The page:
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Ohio high court’s Munroe Falls oil ruling wrongly quashes home rule rights, again: editorial

munroe.jpg
The Ohio Supreme Court ruled 4-3 Tuesday that Munroe Falls could not apply local zoning laws to oil and gas drillers. Beck Energy Corp. of Ravenna plans an oil and gas well in the Summit County city. In this 2013 file photo, cattle graze near a massive Nomac drilling rig at a Harrison County well owned by Chesapeake Energy. (Joshua Gunter, The Plain Dealer, File, 2013)
Editorial BoardBy Editorial Board   of The Plain Dealer
on February 21, 2015 at 5:23 AM, updated February 21, 2015 at 5:24 AM

The state Supreme Court, siding with the Statehouse oil and gas lobby, has yet again pruned the home rule power of Ohio cities and villages, a decision, be it noted, enabled by an Ohio General Assembly in thrall to special interests.

At issue: A bid by Summit County’s Munroe Falls to use zoning to keep Ravenna-based Beck Energy Corp. from drilling an oil and gas well inside Munroe Falls’ city limits.

In Tuesday’s 4-3 ruling, the Supreme Court ruled that a 2004 state law, signed by then-Gov. Bob Taft, gives the state “sole and exclusive” power to regulate oil and gas production in Ohio.

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Gutting of renewable energy policies now driving away business in Ohio, report says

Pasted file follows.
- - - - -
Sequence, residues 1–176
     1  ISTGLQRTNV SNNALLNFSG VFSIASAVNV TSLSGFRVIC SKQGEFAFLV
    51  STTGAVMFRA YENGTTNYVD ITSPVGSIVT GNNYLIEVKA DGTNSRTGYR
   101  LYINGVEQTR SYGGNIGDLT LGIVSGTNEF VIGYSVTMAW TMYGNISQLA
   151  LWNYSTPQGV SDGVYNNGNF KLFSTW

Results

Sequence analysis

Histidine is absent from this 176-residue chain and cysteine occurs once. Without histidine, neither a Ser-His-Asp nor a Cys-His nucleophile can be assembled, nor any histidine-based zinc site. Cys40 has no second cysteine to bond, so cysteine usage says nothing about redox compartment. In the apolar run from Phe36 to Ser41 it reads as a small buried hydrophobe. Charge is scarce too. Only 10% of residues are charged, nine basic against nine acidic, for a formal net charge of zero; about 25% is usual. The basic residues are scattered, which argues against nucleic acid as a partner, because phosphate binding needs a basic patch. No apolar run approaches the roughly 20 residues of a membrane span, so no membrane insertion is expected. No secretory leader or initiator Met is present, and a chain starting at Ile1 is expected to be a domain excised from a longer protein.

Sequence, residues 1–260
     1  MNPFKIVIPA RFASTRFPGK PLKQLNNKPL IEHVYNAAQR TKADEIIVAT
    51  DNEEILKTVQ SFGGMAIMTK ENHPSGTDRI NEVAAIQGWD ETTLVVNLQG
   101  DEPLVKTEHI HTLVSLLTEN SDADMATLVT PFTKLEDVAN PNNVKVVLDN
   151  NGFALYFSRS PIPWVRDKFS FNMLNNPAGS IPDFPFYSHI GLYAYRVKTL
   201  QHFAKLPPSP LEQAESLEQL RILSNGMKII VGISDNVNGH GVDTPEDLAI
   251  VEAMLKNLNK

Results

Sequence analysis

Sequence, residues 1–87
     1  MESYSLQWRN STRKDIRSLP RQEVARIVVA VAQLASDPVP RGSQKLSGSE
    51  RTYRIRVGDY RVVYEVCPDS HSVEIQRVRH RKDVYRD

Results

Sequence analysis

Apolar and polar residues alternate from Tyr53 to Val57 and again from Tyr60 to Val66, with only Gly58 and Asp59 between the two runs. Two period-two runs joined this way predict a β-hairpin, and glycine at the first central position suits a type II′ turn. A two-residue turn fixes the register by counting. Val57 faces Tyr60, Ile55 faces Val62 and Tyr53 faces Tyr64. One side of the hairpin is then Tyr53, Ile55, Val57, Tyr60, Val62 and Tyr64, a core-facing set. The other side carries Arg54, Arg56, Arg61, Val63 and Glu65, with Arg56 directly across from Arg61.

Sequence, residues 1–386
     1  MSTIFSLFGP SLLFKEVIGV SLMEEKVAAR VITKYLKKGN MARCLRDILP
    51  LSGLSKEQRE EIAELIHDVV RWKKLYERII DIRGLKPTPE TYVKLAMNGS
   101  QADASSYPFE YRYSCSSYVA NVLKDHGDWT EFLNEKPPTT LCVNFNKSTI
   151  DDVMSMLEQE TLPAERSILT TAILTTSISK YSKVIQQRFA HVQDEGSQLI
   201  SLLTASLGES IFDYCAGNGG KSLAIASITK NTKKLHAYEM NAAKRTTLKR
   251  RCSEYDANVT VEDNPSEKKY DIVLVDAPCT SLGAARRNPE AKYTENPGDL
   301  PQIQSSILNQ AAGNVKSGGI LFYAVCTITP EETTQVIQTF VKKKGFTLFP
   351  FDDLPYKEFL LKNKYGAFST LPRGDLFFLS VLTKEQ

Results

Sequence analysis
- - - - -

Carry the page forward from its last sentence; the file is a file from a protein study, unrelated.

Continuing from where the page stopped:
Utilities are working to meet new standards on renewables
A new study says Ohio was a leader in encouraging renewable energy growth but is sliding backward due to uncertainty from state lawmakers. New capacity and investment in wind energy went from No. 13 in the country to none, according to The Pew Charitable Trusts report. (LM Otero/AP)

Jackie Borchardt, Northeast Ohio Media GroupBy Jackie Borchardt, Northeast Ohio Media Group 
Email the author | Follow on Twitter
on January 13, 2015 at 2:55 PM, updated January 13, 2015 at 3:34 PM

COLUMBUS, Ohio — Ohio’s renewable energy policies sparked tremendous investment in the industry, but recent moves by state lawmakers have slowed that growth and threaten its future, according to a report released Tuesday.

Ohio was No. 13 in the country for new capacity and private investment in wind at the end of 2012, according to the Pew report. However, new investment halted in 2013 because of “uncertainty” created by legislative debate over Ohio’s renewable energy standards and the expiration of a federal production tax credit, according to the report.